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Product Description

BMI Machine



Weight is usually one of the first topics that come up in discussions about personal health. But the number you see when you step on the scale doesn't tell the whole story about how healthy (or unhealthy) you may be.

Those looking for a clearer picture of what their weight means concerning their health may want to take a look at metrics other than weight. One of these metrics is the body mass index, or BMI, an estimation of body fat that can be calculated using a person's height and weight. Health-conscious individuals might also want to know more about their body composition, which refers to the proportion of fat tissue you have, relative to lean tissue (muscles, organs, etc.).

Health care professionals use BMI, as well as advanced body composition tools, including special X-ray machines, to assess their patients' risk factors for certain weight-related health conditions. And anyone can use readily available tools — such as online BMI calculators, skinfold callipers and bioelectrical impedance devices — to better assess their health and physical fitness from the comfort of their own home.



The body mass index is an estimation of a person's body fat, according to the National Institutes of Health. To calculate BMI, divide your weight (in pounds) by your height (in inches) squared, and then multiply that number by a conversion factor of 703. This same calculation can be used when measuring weight in kilograms and height in meters, but no conversion factor is needed.

For most individuals, a BMI between 18.5 and 24.9 means that their weight is normal, or "acceptable," according to the Centers for Disease Control and Prevention (CDC). A BMI between 25.0 and 29.9 means a person is overweight, and those with a BMI over 30.0 are considered obese.

Those whose BMI puts them in the "overweight" category should consider losing weight if they also have two or more health risk factors, such as smoking, inactivity or high blood pressure,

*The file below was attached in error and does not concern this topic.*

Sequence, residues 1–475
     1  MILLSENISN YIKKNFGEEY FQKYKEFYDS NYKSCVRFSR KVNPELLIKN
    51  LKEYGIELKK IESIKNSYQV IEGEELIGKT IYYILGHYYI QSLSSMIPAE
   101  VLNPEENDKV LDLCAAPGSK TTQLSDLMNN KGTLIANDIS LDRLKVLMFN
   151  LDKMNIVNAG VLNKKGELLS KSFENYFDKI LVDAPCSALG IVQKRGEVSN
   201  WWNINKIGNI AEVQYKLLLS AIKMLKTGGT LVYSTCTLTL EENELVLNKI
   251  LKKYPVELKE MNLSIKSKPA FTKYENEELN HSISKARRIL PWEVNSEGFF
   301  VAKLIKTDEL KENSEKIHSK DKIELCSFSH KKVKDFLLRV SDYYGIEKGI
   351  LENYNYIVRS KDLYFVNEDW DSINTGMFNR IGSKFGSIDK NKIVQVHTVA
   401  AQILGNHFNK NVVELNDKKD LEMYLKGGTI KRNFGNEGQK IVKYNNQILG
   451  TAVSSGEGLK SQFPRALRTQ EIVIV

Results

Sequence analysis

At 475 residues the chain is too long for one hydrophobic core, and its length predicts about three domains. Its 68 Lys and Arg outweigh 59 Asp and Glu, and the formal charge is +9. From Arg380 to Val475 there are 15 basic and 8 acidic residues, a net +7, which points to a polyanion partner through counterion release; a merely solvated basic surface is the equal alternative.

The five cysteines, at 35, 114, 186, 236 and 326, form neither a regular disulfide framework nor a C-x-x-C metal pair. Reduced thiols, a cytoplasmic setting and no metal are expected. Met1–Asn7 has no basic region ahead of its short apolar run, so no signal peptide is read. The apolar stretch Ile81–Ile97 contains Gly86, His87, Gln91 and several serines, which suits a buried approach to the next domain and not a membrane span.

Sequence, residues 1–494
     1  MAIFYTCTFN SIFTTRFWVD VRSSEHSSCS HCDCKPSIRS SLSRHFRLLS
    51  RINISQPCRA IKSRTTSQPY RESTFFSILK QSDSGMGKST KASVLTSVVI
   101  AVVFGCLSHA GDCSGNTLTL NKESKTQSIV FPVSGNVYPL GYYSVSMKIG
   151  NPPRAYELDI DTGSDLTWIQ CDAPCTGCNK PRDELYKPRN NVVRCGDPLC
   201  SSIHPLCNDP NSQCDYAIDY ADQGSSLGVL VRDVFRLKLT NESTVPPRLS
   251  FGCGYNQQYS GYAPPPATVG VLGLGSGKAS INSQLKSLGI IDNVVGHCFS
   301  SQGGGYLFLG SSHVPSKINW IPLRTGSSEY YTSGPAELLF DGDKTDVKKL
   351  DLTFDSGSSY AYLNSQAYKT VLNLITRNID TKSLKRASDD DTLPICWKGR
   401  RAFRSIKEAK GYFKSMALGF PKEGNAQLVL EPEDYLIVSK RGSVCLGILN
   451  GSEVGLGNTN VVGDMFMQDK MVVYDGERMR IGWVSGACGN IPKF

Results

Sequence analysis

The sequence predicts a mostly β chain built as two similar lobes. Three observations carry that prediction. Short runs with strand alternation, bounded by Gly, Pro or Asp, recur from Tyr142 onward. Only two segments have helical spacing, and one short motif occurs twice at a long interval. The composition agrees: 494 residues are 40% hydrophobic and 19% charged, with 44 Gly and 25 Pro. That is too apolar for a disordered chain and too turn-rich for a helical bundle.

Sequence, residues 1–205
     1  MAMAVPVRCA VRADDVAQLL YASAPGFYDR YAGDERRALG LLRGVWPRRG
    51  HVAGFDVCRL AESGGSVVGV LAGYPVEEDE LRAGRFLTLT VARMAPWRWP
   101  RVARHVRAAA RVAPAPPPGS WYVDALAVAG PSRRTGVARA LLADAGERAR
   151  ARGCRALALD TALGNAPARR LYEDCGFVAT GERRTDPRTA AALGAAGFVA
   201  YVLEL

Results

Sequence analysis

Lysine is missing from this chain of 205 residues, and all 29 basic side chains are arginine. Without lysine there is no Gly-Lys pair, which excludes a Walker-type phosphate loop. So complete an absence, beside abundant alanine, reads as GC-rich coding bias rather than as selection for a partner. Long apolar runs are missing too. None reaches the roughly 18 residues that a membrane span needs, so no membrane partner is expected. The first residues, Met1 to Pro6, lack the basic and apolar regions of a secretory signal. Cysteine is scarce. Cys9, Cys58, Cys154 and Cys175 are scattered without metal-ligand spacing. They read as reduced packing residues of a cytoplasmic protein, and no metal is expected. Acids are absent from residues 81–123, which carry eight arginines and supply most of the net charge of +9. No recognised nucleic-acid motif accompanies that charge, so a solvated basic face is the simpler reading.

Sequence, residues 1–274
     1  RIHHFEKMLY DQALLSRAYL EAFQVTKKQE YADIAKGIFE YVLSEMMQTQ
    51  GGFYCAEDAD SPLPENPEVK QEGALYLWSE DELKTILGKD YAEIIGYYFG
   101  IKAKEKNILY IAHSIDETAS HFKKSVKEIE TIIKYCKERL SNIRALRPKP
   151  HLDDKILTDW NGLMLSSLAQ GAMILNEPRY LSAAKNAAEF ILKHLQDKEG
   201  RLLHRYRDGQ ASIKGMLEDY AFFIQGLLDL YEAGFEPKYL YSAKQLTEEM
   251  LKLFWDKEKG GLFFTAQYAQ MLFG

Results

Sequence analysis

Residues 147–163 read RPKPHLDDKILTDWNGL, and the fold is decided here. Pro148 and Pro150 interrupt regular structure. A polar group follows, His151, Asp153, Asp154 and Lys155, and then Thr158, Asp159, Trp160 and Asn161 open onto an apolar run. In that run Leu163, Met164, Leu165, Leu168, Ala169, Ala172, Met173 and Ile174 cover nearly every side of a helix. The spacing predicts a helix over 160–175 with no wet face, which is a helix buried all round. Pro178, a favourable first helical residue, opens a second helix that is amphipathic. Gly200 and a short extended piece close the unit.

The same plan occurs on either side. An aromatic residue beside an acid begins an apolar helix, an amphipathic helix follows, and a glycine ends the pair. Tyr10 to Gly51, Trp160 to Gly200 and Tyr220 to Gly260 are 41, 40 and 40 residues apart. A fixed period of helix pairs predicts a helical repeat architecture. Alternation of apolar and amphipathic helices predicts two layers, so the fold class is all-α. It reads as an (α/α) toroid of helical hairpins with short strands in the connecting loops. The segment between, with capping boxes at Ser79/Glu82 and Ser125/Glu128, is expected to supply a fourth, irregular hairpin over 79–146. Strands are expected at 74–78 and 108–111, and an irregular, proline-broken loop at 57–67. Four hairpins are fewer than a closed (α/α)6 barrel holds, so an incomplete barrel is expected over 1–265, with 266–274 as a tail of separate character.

To ensure you take reliable measurements using body weight scales you must:

1.   Zero the scales before the client steps onto them

2.   Ask the client to remove any ‘heavy’ items from their pockets (key’s, wallets etc.) and remove any heavy items of clothing or apparel (big jackets, shoes, woollen jerseys etc.)

3.   Ensure you note the client’s state and time of day for testing to ensure any subsequent tests can be taken under identical conditions (check the state of hydration, food consumed recently etc.)

4.   When measuring weight – ask the client to look straight ahead and stay still on the scales. Wait for the needle/digital screen to settle before recording the measurement.

5. Calculating BMI (body mass index)

6. A very common method of measuring bodyweight as a risk factor (cardiovascular disease, diabetes etc.) is BMI (Body Mass Index).  The calculation is based on comparing a person's weight against their height. It applies equally to men and women.

7. The equation for BMI is:

8. BMI =           Weight (kg)

9.                      Height (m) 2

10.The following table categorises people according to their BMI results:

  1.                                                                                 BMI Categories

Underweight = <18.5

Normal = 18.5-24.9

Overweight = 25.0-29.9

Obesity = 30.0->40




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